From the list on Norse mythology from a wide range of perspectives.
Who am I?
I write about mythology, history, art, music, and cosmology. I also write science fiction. Mythology for me is an expression of a people trying to explain the world around them within the limits of their own knowledge. We are the same. Our search to understand the origins of the universe are limited by our language and mathematics, as were the Scandinavians who discovered countries for the first time, always expanding their horizons and adapting their legends accordingly. The Vikings had a rare vitality that sprang from every mythic tale and I love to explore both the deep origins of their worldview, and their influence in the cultures of today.
Jake's book list on Norse mythology from a wide range of perspectives
Discover why each book is one of Jake's favorite books.
Why did Jake love this book?
Beowulf is fascinating because it was written in Angle-land, probably Suffolk, probably in the 900s AD, when the Angles (Southern Scandinavians) held sway, with the Danes in Northumbria and Mercia, before the Anglo Saxons began to create the first truly English dynasty in Alfred the Great. It tells of a hero from Geats (in modern Sweden, possibly in the 600s AD) who rids the king of the Danes of the monster Grendel. Of all the translations Seamus Heany is the most vigorous and beautiful, and I often return to it as a reference.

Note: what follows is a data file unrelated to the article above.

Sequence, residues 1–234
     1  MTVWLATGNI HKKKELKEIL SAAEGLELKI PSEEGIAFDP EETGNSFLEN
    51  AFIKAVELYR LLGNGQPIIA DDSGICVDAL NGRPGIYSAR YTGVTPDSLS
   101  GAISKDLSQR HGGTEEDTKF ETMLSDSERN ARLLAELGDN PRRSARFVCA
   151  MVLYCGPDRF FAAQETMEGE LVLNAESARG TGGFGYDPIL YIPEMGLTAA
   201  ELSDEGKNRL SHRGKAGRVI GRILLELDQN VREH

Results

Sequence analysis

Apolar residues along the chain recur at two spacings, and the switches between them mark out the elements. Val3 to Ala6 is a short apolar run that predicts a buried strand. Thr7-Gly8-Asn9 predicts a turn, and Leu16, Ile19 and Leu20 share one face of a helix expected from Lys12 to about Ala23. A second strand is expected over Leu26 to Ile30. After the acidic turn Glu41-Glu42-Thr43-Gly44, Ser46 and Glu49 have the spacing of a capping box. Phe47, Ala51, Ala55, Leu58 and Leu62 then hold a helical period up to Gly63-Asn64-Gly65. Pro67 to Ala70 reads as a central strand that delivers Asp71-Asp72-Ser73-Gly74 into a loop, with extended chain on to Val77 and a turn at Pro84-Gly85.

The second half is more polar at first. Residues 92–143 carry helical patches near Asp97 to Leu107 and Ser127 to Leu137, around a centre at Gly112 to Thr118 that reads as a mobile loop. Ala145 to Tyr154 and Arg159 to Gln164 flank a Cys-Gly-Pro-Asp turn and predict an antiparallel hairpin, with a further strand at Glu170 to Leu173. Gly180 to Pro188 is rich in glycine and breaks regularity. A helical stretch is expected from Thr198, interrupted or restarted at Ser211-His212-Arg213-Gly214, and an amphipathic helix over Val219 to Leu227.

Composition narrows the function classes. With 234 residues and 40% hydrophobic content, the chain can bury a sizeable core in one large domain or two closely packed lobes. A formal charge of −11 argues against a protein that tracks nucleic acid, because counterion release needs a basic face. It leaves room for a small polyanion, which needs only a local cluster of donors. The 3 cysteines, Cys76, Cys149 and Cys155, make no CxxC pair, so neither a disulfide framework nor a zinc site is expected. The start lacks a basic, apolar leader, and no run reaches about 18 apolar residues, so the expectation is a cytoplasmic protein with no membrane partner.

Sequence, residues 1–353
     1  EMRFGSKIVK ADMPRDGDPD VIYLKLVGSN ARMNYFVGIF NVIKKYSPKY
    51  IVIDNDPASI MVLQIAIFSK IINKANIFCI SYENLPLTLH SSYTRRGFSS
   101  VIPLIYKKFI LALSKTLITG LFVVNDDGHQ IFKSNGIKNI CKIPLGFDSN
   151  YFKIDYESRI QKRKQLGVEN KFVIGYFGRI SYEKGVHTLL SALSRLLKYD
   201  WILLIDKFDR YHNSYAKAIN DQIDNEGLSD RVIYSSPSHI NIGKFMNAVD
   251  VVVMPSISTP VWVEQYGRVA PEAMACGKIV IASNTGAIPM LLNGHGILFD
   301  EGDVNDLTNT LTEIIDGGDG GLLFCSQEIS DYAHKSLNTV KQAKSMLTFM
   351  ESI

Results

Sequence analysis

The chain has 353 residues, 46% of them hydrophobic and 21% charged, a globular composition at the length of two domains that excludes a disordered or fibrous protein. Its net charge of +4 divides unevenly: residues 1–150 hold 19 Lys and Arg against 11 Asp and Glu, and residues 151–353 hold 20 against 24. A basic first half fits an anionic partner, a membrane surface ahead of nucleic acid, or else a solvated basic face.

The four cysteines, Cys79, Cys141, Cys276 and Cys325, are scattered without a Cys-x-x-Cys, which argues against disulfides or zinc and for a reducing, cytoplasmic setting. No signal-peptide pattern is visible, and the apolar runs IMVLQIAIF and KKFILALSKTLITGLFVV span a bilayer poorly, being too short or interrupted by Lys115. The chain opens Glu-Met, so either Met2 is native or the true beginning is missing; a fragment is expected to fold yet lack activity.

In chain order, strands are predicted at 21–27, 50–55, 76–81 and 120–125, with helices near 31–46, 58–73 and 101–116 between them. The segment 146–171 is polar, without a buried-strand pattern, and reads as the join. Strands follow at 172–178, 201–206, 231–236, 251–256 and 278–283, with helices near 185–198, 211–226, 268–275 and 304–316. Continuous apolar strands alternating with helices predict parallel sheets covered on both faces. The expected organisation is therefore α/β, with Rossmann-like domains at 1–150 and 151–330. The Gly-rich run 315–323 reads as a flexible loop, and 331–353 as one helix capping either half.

Why should I read it?
3 authors picked Beowulf as one of their favorite books, and they share why you should read it.
What is this book about?
Composed towards the end of the first millennium, the Anglo-Saxon poem Beowulf is one of the great Northern epics and a classic of European literature. In his new translation, Seamus Heaney has produced a work which is both true, line by line, to the original poem, and an expression, in its language and music, of something fundamental to his own creative gift.
The poem is about encountering the monstrous, defeating it, and then having to live on, physically and psychically exposed, in that exhausted aftermath. It is not hard to draw parallels between this story and the history of the…